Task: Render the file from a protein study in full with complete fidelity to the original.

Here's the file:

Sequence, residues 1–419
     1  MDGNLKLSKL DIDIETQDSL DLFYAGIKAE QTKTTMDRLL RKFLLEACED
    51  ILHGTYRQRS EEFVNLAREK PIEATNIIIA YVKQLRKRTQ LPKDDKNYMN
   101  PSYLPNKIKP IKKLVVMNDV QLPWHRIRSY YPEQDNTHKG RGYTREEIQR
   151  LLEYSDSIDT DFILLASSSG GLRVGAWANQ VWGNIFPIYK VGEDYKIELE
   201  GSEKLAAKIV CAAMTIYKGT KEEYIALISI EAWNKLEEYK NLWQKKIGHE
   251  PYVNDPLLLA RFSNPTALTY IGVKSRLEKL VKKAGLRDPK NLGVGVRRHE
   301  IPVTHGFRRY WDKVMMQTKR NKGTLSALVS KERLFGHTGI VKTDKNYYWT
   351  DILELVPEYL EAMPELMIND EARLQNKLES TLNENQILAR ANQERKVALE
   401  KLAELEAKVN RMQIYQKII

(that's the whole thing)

Sequence, residues 1–419
     1  MDGNLKLSKL DIDIETQDSL DLFYAGIKAE QTKTTMDRLL RKFLLEACED
    51  ILHGTYRQRS EEFVNLAREK PIEATNIIIA YVKQLRKRTQ LPKDDKNYMN
   101  PSYLPNKIKP IKKLVVMNDV QLPWHRIRSY YPEQDNTHKG RGYTREEIQR
   151  LLEYSDSIDT DFILLASSSG GLRVGAWANQ VWGNIFPIYK VGEDYKIELE
   201  GSEKLAAKIV CAAMTIYKGT KEEYIALISI EAWNKLEEYK NLWQKKIGHE
   251  PYVNDPLLLA RFSNPTALTY IGVKSRLEKL VKKAGLRDPK NLGVGVRRHE
   301  IPVTHGFRRY WDKVMMQTKR NKGTLSALVS KERLFGHTGI VKTDKNYYWT
   351  DILELVPEYL EAMPELMIND EARLQNKLES TLNENQILAR ANQERKVALE
   401  KLAELEAKVN RMQIYQKII